3.      Four possible sanctions: (minor => major)
a.       Private reprimand: unpublished communication to lawyer
b.      Public reprimand: published report of his violation to the state bar journal
c.       Suspension: suspends lawyer from law practice ranging from days to years
                                                                                                           i.      May be required to me

sserting client status to believe the relationship existed
                                                                                                         ii.      The duty is to take reasonable steps to fulfill the client’s purposes for hiring a lawyer
1.      Includes actions and inaction
2.      Violation of RPC may provide evidence of breach
                                                                                                       iii.      Scope of representation question: Does an attorney agree to protect all client interests, or just the interests that are directly at issue in the representation?
c.       Standard of care: attorney must exercise the skill and knowledge ordinarily possessed by attorneys under similar circumstances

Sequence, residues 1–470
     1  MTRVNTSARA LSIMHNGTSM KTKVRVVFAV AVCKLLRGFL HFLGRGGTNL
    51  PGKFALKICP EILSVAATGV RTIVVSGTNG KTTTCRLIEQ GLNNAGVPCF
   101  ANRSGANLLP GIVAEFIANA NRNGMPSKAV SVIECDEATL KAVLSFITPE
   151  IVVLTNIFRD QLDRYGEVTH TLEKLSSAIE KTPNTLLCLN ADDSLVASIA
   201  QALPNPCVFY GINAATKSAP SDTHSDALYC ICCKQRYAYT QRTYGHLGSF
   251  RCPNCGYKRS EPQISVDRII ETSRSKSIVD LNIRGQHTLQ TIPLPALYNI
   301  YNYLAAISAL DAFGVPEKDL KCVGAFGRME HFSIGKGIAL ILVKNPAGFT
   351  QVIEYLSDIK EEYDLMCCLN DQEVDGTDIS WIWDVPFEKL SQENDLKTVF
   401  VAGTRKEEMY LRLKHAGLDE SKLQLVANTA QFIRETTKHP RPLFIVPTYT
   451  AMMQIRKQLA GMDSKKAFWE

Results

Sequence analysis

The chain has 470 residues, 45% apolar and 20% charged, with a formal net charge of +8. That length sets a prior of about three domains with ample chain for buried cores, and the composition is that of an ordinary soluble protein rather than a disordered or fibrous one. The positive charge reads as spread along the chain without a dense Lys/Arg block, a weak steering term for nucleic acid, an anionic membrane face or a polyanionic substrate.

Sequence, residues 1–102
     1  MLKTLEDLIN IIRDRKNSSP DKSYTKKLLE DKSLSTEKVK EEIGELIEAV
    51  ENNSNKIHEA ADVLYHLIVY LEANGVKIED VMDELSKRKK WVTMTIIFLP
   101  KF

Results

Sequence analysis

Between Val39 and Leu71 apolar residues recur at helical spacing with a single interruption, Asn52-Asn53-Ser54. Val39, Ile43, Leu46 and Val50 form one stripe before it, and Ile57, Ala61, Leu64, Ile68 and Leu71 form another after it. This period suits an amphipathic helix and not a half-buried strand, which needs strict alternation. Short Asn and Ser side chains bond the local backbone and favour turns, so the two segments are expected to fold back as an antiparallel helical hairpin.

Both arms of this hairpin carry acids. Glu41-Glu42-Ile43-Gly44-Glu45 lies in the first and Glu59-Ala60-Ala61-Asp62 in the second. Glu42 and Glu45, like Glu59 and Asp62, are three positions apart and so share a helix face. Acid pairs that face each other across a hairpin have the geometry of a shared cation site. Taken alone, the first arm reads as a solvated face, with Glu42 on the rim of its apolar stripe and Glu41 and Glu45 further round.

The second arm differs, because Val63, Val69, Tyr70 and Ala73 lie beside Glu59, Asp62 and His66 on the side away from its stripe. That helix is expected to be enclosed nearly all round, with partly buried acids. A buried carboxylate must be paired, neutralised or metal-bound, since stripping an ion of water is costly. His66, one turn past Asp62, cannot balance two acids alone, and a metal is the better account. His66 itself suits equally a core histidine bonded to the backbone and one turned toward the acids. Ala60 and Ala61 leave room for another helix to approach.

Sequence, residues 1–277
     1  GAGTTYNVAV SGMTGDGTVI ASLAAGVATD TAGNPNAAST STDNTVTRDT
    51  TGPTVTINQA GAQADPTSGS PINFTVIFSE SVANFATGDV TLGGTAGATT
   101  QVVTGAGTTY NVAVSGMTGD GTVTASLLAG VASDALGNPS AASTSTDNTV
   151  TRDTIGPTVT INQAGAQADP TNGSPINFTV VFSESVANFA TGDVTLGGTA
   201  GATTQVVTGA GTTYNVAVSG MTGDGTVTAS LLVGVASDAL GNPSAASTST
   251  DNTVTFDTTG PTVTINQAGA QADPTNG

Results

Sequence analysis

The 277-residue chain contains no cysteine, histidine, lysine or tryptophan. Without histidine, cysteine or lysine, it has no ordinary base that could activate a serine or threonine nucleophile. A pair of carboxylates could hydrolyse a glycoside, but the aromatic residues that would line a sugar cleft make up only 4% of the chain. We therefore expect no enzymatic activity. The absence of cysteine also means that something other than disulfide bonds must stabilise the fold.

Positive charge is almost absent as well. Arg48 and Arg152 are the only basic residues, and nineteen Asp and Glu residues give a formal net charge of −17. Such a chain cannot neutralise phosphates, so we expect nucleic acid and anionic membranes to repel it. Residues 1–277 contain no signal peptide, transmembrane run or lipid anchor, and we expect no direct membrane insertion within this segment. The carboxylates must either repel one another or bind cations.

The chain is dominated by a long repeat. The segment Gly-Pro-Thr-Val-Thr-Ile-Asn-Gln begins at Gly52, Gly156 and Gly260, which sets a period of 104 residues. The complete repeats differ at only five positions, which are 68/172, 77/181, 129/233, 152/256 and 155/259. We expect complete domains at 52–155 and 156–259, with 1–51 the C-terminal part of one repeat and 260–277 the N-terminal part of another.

d.      Proximate Cause: must show both actual (“but for”) and legal cause (foreseeability) of injury
                                                                                                           i.      Client/plaintiff must show that but for the negligence, he would have been successful in the suit
e.       Must also show legally recoverable damages
3.      Attorneys can also be liable to clients under breach of fiduciary duty, fraud or deceit, breach of contract, and violation of consumer protection laws
4.      Suits from non-clients is rare
                                      vii.      Sanctions by Courts and Regulatory Bodies
1.      Courts and administrative agencies may also punish misconduct
2.      Rules 11, 26, and 37 of the Federal Rules of Civil Procedure acknowledge the power of courts to punish lawyers that engage in misconduct
a.       Courts also have powers of contempt to ensure orderly presentation of evidence and argument
                                    viii.      Loss of Fees
1.      In addition to the other sanctions that may be imposed, a court may deny all or part of the fees of a lawyer who has engaged in a “clear and serious violation” of a duty to the client
2.      Considerations relevant to the forfeiture of fees include:
a.       Gravity and timing of the violation
b.      Its willfulness
c.       Its effect on the value of the lawyer’s work for the client
d.      Any other threatened or actual harm to the client
e.       The adequacy of other remedies
2.      The Lawyer-Client Relationship
a.      Establishing the Lawyer-Client Relationship
                                            i.      Rule 1.2(b) – Scope of Representation; Allocation of Authority b/t Client and Lawyer
1.      The representation of a client, including by appointment, does not constitute an endorsement of the client’s political, economic, social, or moral views or activities